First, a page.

Ecommerce and marketing consultants or newly hired directors of marketing often find themselves in this position. The company’s brand and marketing strategy are embodied in its leader, and they may be hard to articulate. This leader may be focused on tactics rather than strategy. So it is difficult to know how she wants to position the company. Here is the solution.
- Describe in basic terms, the strategy canvas and how it can identify priorities.
- Ask the charismatic leader to describe the industry’s customer buying criteria.
- Ask the leader to draw a strategy canvas for her business based on those buying criteria. This is the current state.
- Next, have the leader draw strategy canvases for five competitors.
- Finally, ask the leader to draw a canvas that shows where she would like the business to be. This is the desired state.
Now compare the “current state” and “desired state.” In so doing, you will have identified which brand characteristics are most important to that leader.
2. Resolve Internal Conflicts
Imagine you are on the logistics team at a mid-market ecommerce business. You and your peers are arguing over the specifics of selecting and implementing a new pick-and-pull system. Some of your colleagues prefer a “this is how we have always done it” approach.
You need to transform this argument into a constructive conversation about capabilities. To achieve your end, you can misuse a strategy canvas.
- Define the services your department’s customers — internal and external — want. These are the factors on the x-axis.
- Next, plot each pick-and-pull option on the canvas based on your team’s collective expertise, discussing how each option performs relative to a given factor.
- Use the resulting canvas to identify which option is best.
The act of discussing and ranking the services you need with objective data can defuse the conflict.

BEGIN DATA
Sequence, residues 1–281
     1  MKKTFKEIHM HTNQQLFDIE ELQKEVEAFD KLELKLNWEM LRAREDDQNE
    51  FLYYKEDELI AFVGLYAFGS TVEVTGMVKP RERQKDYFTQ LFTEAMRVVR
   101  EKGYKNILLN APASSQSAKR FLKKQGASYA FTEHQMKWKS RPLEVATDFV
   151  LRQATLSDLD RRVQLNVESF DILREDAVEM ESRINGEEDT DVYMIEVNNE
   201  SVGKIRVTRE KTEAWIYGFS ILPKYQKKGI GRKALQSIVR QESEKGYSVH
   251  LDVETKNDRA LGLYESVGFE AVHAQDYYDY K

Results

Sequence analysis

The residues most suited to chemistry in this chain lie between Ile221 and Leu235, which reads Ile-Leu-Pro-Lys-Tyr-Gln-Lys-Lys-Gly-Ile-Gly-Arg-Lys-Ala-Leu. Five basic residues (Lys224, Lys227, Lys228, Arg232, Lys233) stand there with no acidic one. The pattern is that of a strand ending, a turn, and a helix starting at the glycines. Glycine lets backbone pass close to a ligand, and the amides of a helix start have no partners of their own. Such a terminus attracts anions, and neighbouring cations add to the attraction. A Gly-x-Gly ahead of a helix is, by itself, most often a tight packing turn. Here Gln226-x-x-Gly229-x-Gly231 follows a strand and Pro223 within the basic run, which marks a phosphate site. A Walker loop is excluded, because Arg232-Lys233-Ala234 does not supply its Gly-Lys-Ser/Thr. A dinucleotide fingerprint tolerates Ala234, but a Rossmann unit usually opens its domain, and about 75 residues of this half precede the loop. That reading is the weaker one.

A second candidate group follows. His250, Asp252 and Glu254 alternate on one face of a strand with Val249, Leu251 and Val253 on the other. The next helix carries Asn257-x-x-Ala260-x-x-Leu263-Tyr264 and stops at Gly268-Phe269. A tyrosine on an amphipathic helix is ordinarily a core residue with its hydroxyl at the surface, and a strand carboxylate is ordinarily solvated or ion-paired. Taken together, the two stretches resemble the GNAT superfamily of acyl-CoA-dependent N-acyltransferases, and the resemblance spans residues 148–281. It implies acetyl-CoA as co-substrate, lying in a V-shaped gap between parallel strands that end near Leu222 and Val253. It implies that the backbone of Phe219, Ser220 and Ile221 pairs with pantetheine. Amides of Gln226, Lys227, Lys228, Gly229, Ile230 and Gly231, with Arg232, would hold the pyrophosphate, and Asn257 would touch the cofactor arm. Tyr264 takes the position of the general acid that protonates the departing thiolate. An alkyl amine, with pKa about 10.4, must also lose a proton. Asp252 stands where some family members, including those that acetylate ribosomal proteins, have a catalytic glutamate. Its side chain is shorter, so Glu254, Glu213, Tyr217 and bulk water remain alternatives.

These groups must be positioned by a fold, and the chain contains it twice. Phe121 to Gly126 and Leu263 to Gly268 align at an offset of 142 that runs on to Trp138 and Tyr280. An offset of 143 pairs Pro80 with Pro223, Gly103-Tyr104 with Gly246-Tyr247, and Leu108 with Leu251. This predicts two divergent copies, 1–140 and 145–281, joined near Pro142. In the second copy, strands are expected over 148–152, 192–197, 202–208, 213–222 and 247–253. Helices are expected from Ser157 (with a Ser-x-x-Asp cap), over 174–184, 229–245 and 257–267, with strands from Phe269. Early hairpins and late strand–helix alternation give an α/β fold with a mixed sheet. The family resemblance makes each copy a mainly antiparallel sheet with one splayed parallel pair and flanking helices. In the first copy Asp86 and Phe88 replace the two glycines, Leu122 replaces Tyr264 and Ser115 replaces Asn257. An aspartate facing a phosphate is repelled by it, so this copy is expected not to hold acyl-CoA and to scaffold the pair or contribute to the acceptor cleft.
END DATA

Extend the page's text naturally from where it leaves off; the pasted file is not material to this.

3. Customers’ Perspective
The president of a multichannel merchant with physical retail stores, a growing online shop, and robust commercial sales decided to celebrate the company’s upcoming 60th anniversary. He wanted to divert a significant portion of the company’s marketing budget for the year to pay for special 60th-anniversary promotions.
This retailer’s marketing team believed it was a bad idea to take money from ongoing high-performing programs to pay for 60th swag and anniversary events.
To convince the company president, the marketing team conducted a few focus groups and surveys. Customers were asked to develop a strategy canvas to represent the retailer and its competitors. The process went something like this.
- Ask customers to define their buying criteria. If they don’t include something like “the company’s history,” encourage them to do so.
- Then have them draw a strategy canvas where the vertical axis represents the importance of each factor.
Compared to price, customer service, inventory selection, and location, a 60th anniversary was unimportant from the customers’ perspective. The strategy canvas proved it.